Robert A. Poyson needed just 14 appellate judges to vote to rehear his appeal to spare him from execution in Arizona. He got 12 votes.
A dozen judges of the 9th U.S. Circuit Court of Appeals this week signed a dissent from the full 27-judge court’s refusal to rehear Poyson’s case.
“Just how obvious does a state court’s constitutional error have to be when a man’s life is on the line,” asked Chief Judge Alex Kozinski, who wrote the dissent.
According to the three-judge panel majority that ruled in March, “indisputably obvious, which is ‘beyond a reasonable doubt’ stood on its head,’” he wrote.
Poyson was convicted of a 1998 triple murder in Kingman, Arizona, committed when he was 19-years-old and homeless.
Poyson was convicted and sentenced to death. During the penalty hearing, the defense presented a history of Poyson’s mental health issues and personality disorders as a result of his mother’s heavy drug use while she was pregnant with him. In addition, Poyson was physically and sexually abused by a stepfather. Poyson also used drugs and alcohol himself.
The trial judge considered the mental disorders but found them “not causally related to the murders” so did not consider them mitigating factors, weighing against a death sentence.
The judge also found his abusive childhood got no mitigation weight because they too were not “causally connected to the murders.”
The defense argued that it was unconstitutional for Arizona courts to apply a “causal nexus test to mitigating evidence.” The defense said this violated his eighth and fourteenth amendment rights to individualized sentencing.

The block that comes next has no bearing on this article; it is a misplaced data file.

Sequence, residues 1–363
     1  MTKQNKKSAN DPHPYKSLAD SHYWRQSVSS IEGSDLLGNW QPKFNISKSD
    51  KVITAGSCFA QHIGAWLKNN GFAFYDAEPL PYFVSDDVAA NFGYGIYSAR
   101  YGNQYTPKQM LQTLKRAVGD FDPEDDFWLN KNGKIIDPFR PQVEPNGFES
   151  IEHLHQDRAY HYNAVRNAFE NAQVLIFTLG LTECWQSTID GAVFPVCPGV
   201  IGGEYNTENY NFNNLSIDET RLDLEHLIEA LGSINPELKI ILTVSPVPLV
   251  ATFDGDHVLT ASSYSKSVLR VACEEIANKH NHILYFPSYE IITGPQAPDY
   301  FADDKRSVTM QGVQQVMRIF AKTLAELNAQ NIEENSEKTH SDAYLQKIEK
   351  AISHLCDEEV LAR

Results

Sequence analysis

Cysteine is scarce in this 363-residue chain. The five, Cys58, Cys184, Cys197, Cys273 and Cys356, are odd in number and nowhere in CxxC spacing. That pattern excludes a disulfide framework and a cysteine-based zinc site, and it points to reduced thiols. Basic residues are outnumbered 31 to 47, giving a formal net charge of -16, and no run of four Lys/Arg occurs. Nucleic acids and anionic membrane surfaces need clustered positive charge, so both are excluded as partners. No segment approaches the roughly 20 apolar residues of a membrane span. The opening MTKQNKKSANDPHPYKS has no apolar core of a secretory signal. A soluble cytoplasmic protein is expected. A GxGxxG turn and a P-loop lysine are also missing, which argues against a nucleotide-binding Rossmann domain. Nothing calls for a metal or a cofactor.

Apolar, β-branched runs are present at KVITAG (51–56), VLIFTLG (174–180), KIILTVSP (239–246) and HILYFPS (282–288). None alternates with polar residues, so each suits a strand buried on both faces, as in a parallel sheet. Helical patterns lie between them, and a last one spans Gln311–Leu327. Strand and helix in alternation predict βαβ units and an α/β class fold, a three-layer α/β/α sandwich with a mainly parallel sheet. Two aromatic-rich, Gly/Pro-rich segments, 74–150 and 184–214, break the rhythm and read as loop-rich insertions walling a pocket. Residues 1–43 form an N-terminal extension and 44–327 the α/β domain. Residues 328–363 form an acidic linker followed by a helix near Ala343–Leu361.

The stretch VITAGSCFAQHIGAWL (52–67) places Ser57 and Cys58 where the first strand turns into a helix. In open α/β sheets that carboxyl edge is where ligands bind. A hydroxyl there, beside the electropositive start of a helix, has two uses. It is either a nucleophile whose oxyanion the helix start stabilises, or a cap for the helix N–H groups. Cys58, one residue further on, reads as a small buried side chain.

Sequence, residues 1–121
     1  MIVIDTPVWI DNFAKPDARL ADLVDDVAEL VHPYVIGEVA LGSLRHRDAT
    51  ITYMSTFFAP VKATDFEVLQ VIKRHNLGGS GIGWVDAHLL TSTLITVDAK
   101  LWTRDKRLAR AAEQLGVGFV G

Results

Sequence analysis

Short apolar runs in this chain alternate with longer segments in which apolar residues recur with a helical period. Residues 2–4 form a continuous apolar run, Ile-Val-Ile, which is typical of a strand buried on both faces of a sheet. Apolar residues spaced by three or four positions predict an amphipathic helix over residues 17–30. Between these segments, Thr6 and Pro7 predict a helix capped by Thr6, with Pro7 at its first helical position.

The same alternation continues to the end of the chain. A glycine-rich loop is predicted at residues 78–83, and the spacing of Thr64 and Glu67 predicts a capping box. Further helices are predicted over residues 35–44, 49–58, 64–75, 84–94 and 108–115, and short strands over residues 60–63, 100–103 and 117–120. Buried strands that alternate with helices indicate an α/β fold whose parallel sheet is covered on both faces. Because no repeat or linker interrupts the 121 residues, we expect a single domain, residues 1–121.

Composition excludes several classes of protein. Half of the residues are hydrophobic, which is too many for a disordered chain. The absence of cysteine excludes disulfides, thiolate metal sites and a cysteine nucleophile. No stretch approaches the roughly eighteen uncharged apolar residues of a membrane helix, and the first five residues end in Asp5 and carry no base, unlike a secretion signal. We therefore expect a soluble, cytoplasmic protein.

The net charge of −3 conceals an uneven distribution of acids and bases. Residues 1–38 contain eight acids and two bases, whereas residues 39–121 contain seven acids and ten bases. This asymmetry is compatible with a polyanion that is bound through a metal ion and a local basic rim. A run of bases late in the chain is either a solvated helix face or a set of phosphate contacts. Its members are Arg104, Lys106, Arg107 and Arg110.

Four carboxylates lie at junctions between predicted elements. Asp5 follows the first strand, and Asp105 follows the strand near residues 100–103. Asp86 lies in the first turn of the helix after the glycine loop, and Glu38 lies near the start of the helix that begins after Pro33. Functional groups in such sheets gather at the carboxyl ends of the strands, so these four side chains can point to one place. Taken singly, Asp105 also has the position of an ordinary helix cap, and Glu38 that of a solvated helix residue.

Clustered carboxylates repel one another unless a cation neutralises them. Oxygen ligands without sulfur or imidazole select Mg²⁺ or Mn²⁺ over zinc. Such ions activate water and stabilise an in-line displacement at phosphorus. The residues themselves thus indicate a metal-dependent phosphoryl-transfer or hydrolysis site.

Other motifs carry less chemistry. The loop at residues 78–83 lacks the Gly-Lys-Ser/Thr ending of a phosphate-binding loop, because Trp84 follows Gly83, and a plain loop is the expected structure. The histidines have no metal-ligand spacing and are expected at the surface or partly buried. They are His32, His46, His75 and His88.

The judge rejected the arguments and sentenced Poyson to die.
In the March appellate decision upholding the sentence, Judge Raymond Fisher said, “We recognize the possibility that the Arizona Supreme Court applied an unconstitutional causal nexus test. The record, however, contains no clear indication that the court did so,” he wrote. “We may not presume a constitutional violation from an ambiguous record,” he said.
He was joined by Judge Sandra Ikuta.
In dissent, Judge Sidney Thomas said the Arizona Supreme Court, which reviewed the case earlier, had unconstitutionally excluded mitigating evidence from its consideration because the evidence was not linked as one of the causes of the murders.
“As a result, Poyson was deprived of his right to an individualized capital sentencing determination under the eighth and fourteenth amendments,” he said.
His dissent was adopted by Kozinski and the 11 dissenters from the denial of reconsideration by the full court.
They joined in Thomas’ position that the ruling flies in the face of U.S. Supreme Court precedent that mitigating evidence can not be categorically screened out before it is weighed in combination with other relevant sentencing evidence.
Signing on with Thomas and Kozinski to give Poyson a rehearing were Judges: Harry Pregerson, Stephen Reinhardt, Margaret McKeown, Kim Wardlaw, William Fletcher, Richard Paez, Marsha Berzon, Mary Murguia, Morgan Christen and Paul Watford.
Poyson needed two more votes for a majority. His case will now go to the U.S> Supreme Court.
Case: Poyson v. Ryan, No. 10-99005